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[ Letter from the Committee at Derby House to Sir T. Fairfax. ] - Sir William Clarke, The Clarke Papers. Selections from the Papers of William Clarke, vol. 1 
The Clarke Papers. Selections from the Papers of William Clarke, Secretary to the Council of the Army, 1647-1649, and to General Monck and the Commanders of the Army in Scotland, 1651-1660, ed. C.H. Firth (Camden Society, 1901). 4 vols.
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[Letter from the Committee at Derby House to Sir T. Fairfax.]
Wee received yours of the 30th of Maya from Bury. The Commissioners are already on their way to Chelmesford, and being instructed for that service, we desire you to be with them at the place appointed; and whereas your letter seemes to imply that there are soe many Greivances to be further presented to the House from the Souldiers, the Houses have satt severall dayes upon that bussinesse, and have granted whatever they thought fitt for them to grant, or for the Army to desire, and wee are confident the Houses will expect a punctuall obediance in their disbanding according to their orders, And we desire you that if your Life Guard be not yet come to Chelmesford. That you will order it to attend you there as soone as possible may be in this service. Soe we rest.
Your affectionate freinds and servants,
Derby House, 31 May, 1647.
For the Right Honorable, Sir Thomas Fairfax.
31 May, 1647.
At the Comittee for the affaires of Ireland at Derby House.
That such of the Traine of Artillery and the Provisions thereunto belonging (apperteyning to the Army) as were either at Oxforda or Wallingford shall be brought up to London and put into the stores in the Tower, And that all the Ordnance and Ammunition that belong to the Garrison of Oxford be also brought up and put into the Tower.
That the said Traine and Provisions be brought from Oxford to Abbington by land, and from thence by water, together with that at Wallingford, to London.
That the Horses belonging to the Traine be brought by land to London and such other things as may best come by land as the Comptroller shall thinke fitt.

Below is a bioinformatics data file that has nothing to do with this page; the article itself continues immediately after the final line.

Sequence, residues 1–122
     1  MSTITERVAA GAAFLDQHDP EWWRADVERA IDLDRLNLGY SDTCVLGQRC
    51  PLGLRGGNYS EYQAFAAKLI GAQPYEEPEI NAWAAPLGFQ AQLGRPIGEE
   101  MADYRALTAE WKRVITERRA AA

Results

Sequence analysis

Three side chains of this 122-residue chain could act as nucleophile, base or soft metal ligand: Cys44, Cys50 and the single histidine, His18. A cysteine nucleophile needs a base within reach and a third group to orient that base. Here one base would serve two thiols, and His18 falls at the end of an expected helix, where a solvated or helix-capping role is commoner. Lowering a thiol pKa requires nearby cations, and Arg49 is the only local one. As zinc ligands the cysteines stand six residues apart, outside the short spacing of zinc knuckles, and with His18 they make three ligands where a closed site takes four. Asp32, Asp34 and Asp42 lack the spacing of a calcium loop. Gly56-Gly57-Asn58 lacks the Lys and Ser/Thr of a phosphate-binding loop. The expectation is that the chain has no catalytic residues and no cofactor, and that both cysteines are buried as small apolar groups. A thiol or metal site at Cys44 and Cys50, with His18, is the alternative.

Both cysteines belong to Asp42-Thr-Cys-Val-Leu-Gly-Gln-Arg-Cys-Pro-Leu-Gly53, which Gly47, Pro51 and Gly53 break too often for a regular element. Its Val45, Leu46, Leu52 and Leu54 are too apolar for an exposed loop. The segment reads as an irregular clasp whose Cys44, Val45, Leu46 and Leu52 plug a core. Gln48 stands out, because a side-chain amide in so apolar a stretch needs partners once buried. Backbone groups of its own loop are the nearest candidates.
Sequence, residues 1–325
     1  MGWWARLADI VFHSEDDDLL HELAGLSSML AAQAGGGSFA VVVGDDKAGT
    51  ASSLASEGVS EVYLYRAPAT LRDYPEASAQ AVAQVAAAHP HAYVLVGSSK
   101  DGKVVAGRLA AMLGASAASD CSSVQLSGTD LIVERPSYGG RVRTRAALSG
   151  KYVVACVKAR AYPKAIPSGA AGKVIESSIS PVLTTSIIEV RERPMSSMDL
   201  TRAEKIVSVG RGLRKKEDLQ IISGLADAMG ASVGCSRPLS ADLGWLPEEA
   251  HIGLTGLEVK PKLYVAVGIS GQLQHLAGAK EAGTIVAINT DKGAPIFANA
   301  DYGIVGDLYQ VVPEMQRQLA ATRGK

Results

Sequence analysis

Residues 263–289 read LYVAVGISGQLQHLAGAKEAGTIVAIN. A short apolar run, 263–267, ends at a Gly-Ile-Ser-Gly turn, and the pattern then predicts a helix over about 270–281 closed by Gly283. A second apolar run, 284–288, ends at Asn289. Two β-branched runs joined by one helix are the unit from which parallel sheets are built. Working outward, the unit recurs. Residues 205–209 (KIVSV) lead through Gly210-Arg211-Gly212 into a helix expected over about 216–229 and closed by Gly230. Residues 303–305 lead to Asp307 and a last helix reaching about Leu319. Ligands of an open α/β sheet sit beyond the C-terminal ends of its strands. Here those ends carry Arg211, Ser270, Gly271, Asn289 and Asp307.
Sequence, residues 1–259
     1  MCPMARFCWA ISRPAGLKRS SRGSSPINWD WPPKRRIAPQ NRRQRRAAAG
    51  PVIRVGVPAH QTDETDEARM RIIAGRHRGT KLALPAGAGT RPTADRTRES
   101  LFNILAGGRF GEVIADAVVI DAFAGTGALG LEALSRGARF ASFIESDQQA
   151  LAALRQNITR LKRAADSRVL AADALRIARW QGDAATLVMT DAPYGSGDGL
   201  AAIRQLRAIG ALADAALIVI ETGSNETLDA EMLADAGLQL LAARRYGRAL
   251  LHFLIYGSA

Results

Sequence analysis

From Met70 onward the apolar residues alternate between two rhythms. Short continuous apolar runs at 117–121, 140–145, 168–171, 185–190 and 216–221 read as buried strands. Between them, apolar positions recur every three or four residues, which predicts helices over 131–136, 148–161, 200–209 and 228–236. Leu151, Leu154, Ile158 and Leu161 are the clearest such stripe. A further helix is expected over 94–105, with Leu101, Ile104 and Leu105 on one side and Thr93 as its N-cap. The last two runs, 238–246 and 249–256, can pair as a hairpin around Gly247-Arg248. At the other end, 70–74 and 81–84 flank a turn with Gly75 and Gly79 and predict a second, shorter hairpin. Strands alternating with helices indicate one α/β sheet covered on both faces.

That the Officers and others belonging to the traine doe come to London to disband, and that they shall receive their two months pay as the rest of the Army receives upon their delivery of the Traine into the Tower.
That the Firelocks belonging to the Traine doe Guard the same to London.
That these Votes concerning the Traine be sent to Sir Thomas Fairfax, and a letter written to him to desire him to give order for the putting them in execution.
[a ]Fairfax’s letter of May 30 is printed in the Lords’ Journals, ix., 226.
[a ]Colonel Richard Ingoldsby’s regiment was then quartered at Oxford. They were to be disbanded at Woodstock on June 14, and £3,500 was sent down to pay them, but recalled by vote of June 1. “The messenger being too slow, the money was got into Oxford before he could overtake it, and the soldiers, notwithstanding the Parliament’s commands, were resolved not to part with it. The convoy of Dragoons who had guarded it from London attempted to have carried it back again, out the garrison soldiers fell upon them in the High Street by All Souls’ College (where the money then stood), wounded several, and beat the rest so shamefully out of the city that they were glad not only to leave the money but a waggon and team of horses behind them.” Wood, Annals, ii., 508. The agitators despatched Cornet Joyce and a body of horse to seize the magazine at Oxford, which was effected about June 1. Hollis, Memoirs, § 95; Huntingdon’s reasons for laying down his commission, Maseres Tracts, i. 398. According to John Harris, whose statement is copied by Huntingdon and Hollis, the seizure of the magazine was approved by Cromwell, The Grand Design, 1647, p. 3.